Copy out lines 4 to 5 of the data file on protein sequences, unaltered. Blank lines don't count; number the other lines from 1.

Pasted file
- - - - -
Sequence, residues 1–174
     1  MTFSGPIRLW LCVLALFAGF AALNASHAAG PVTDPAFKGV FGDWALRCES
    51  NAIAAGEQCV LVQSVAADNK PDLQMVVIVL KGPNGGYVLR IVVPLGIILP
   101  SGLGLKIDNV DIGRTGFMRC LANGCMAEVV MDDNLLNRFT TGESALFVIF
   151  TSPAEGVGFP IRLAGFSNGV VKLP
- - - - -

   101  SGLGLKIDNV DIGRTGFMRC LANGCMAEVV MDDNLLNRFT TGESALFVIF
   151  TSPAEGVGFP IRLAGFSNGV VKLP